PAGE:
There's a new WebEx competitor hitting the market: CallWave's Fuze. Its advantages: No download required on either the viewing or the presenting side. It works with video and allows markup of video frames. And it has some nice call-handling features.
I used the tool briefly and although I found some bugs and performance issues in this early version, I like the design and found it simple to use. You can upload documents to share (images, text files, PowerPoint presentations, even videos), and once you're sharing them, use simple drawing tools to mark them up and illustrate points. On the shared video player, you can sketch over the top of a paused video, and the sketches stay attached to the particular frame; you can see which frames have markups by little icons on the player's progress bar.
Fuze also runs on some smartphones, like the Blackberry Bold, and includes support for video. I haven't had a chance to check that out but it's an important feature--you'll be able to participate in a Web meeting while you're sitting an airport waiting area with your laptop put away. On other phones, like the iPhone, you can monitor the chat room but not see the shared screens.
I like the feature in the program to call people into a conference bridge, instead of the usual procedure, which is to e-mail them a phone number and access code. It will save a lot of time in online meetings if you can pull in your participants.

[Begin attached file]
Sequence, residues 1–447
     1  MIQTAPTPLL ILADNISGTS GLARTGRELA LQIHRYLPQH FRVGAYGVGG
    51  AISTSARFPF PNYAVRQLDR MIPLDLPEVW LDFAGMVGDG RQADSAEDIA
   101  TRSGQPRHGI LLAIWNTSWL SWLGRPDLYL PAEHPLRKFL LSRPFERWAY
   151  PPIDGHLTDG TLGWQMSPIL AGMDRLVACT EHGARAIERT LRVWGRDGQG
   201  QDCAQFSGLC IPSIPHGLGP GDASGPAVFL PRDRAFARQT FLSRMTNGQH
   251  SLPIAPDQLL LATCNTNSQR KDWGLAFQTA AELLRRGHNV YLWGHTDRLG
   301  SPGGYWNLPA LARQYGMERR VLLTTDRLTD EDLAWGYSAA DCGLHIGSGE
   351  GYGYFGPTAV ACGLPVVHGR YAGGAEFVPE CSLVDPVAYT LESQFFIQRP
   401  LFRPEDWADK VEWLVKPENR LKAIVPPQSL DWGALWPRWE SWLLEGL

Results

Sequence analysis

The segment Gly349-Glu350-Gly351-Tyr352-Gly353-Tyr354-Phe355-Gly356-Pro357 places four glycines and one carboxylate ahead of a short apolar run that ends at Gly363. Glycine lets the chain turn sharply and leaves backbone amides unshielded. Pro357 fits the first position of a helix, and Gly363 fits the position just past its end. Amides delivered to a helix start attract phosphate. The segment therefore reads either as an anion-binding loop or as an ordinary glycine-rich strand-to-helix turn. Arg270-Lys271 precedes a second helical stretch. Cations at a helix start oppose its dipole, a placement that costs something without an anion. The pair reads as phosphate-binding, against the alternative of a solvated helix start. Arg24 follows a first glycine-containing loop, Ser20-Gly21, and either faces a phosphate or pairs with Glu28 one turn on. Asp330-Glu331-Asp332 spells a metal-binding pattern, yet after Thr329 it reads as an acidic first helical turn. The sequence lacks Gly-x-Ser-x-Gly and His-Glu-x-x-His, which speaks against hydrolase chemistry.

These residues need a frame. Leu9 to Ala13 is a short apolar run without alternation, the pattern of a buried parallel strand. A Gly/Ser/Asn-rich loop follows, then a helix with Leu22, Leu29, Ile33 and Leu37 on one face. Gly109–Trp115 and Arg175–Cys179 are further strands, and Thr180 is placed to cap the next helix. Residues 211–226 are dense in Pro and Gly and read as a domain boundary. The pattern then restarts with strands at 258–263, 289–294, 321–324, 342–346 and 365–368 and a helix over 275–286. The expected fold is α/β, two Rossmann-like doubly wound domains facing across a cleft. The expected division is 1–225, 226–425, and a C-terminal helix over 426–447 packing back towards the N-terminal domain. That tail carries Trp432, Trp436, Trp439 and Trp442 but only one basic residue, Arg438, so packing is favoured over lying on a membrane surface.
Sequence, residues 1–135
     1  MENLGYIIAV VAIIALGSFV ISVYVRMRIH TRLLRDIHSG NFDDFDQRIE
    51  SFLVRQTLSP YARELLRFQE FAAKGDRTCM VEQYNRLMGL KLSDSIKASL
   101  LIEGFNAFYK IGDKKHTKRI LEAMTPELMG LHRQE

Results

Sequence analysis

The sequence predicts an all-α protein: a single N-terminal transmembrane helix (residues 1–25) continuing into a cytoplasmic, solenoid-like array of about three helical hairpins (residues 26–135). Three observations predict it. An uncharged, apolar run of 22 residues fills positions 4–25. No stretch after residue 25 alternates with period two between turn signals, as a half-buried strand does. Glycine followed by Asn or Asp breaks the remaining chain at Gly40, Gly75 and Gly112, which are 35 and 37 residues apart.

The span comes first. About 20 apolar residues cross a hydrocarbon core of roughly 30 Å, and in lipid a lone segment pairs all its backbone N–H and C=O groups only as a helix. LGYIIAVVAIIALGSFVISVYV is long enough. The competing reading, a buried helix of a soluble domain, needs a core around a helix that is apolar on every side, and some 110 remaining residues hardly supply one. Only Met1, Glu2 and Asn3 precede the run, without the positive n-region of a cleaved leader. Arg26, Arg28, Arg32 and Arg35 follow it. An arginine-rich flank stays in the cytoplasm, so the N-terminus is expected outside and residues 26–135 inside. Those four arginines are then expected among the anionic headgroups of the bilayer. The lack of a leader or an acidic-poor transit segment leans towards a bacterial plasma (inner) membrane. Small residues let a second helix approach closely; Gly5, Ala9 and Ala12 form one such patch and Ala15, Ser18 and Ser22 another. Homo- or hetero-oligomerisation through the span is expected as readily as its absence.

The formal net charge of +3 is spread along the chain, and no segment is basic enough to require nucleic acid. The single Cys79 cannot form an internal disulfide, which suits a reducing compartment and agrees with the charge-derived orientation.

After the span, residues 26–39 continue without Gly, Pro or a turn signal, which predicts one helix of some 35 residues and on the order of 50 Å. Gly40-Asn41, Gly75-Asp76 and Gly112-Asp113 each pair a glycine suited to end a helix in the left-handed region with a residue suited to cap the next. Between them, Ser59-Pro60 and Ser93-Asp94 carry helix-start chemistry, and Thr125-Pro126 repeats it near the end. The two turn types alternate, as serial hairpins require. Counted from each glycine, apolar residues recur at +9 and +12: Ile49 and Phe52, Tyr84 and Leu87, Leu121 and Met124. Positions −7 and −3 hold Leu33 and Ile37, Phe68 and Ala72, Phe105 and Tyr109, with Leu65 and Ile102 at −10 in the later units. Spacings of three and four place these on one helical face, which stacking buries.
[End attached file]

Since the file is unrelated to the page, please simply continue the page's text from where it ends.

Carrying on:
On the downside, you can't (yet) use Fuze for screen or application sharing, since that would require a software install on the sender's side. The company is working on that, although the people I talked to there want to push the "no download required" pitch as long as they can, which explains the delay.
Fuze is a Flash app, and reminds me a bit of Adobe's own Acrobat Connect, with which it competes (it's a very good product, too). There are several other products in the space, too, including Vyew, which was recently updated, and the open-source DimDim.
Fuze is priced at $29.95 a month (much less with yearly commitment). That's a bit high, and I expect competition (and the growing popularity of free products) will steadily push the prices down on remote presentation apps. I'm glad about that. I can't stand WebEx.
Bonus: What's CallWave doing in this market?
Prior to releasing this product, CallWave made and sold an "Internet answering machine," that did speech-to-text summaries of your voicemail. The company is backing away from that product. CallWave CEO Jeffrey Cavins told me that while there was good uptake from techies, the service was too hard to configure for general consumers. If cellular carriers had gotten onboard to offer it to their subscribers, the product would still be supported. But they didn't.